But a quick look at the basic numbers suggests Moore is already just about there from a production standpoint. His YPC was the highest in the group, and many didn’t break the 1,000 yard barrier. And it’d be unfair to expect to see a senior year like Danario Alexander’s again.

So if production isn’t in question, and we’ve already established — shocker! — that dropping passes is bad and he should do less of it, then what does Moore have to do to establish himself as one of the school’s greats and all but lock up his spot in an NFL training camp next year?


Moore’s path to Mizzou legend status is one likely to be paved in the minds of Mizzou fans. At the end of the day, getting to and sticking in the NFL is nice. But it doesn’t change the perception of your college career unless you’re a bonafide star.

Looking at the list above, we can pick out a name like Marcus Lucas. By the standard of going and staying pro, he’s among the most elite class of Mizzou wide receivers in history. But how many would really consider him one of the best to ever play at Mizzou?

On the other hand, you look at someone like Moe. An unfortunately timed Achilles injury kept him out of the league. But some fans look at his career as one deserving of “all-timer” status. The Moe Miracle against San Diego State is one of the most dramatic moments in recent memory. Plus, he was one of the team’s veteran leaders during the move to the SEC.

My personal perception of Moore is of a gifted-but-flawed playmaker whose lesser moments — the Georgia drop and a tendency to disappear/lose focus — dwarf his star-quality memories: scoring the go-ahead TD against BYU in 2015 or being a 1,000-yard receiver on a young offense in 2016.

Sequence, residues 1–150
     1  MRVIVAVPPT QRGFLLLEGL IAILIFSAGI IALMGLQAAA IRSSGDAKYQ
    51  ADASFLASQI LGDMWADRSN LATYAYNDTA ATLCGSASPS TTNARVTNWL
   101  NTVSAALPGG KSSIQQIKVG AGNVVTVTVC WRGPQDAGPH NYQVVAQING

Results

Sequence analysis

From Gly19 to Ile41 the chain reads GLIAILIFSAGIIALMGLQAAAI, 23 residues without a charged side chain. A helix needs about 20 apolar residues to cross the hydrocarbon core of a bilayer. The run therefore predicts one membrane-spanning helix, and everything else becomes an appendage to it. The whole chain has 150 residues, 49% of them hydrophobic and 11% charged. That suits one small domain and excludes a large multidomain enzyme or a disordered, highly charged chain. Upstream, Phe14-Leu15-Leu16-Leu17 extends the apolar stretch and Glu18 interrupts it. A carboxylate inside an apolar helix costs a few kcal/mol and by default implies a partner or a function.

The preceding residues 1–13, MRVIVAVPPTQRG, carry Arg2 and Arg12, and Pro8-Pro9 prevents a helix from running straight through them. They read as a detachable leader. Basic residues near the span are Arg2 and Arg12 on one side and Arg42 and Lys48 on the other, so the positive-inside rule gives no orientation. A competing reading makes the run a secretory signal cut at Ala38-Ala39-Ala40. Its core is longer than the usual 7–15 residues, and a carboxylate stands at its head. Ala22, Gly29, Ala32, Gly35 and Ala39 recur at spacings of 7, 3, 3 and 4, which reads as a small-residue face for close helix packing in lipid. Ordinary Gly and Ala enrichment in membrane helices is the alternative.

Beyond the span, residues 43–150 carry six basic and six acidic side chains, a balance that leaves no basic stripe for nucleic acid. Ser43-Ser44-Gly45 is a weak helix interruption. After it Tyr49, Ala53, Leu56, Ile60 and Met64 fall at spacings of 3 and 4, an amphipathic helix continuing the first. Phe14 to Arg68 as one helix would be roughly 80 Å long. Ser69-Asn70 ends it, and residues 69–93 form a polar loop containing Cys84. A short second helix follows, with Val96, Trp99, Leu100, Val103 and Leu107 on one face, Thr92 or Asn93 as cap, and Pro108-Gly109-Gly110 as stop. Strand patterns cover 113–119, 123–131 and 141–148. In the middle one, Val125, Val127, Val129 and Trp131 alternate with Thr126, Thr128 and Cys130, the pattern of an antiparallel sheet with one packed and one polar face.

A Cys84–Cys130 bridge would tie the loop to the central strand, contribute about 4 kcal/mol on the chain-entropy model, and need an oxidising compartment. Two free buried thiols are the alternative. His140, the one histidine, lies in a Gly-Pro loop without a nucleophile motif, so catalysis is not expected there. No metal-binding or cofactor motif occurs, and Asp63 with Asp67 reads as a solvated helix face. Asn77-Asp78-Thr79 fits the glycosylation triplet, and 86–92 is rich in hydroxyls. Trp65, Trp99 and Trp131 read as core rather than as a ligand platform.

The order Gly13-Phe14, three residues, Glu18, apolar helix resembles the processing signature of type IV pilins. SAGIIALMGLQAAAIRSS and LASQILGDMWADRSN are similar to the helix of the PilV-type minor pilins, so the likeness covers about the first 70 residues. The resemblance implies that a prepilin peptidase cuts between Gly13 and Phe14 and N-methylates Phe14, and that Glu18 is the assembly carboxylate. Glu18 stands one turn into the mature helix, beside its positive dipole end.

The 2017 season presents an interesting opportunity for J’Mon Moore to leave those bad memories in the past. The national media expects him to put up star numbers in an dangerous offense. If you’re picking up what Missouri’s program is putting down, Drew Lock should be ready to make his breakout this year, which can only improve Moore’s chances. And some of the attention should come off of Moore with Damarea Crockett storming out of the backfield from the jump.

In the end though, the only thing that truly erases bad memories is the creation of new, better ones. For every good thing Moore does in 2017, fans will likely start forgetting those drops in 2016 one at a time. (And this says nothing of his role in the November 2015 protests, which certain fans will never be able to look past.)

The wide receiver depth on this year’s team creates something of a problem for No. 6. Jonathan Johnson and Demetrios Mason are equally as explosive in terms of athleticism, and the former is arguably more suited for taking the top off opposing defenses despite his smaller stature. And if Moore’s drop problems continue, Josh Heupel could look to other players for key possession down plays — the oft-injured Nate Brown could fill that role and has arguably more at stake this year than J’Mon does.

This puts Moore in an odd place where he’s likely going to be asked to do a lot, but may not get as many opportunities in big moments that fans are likely to remember.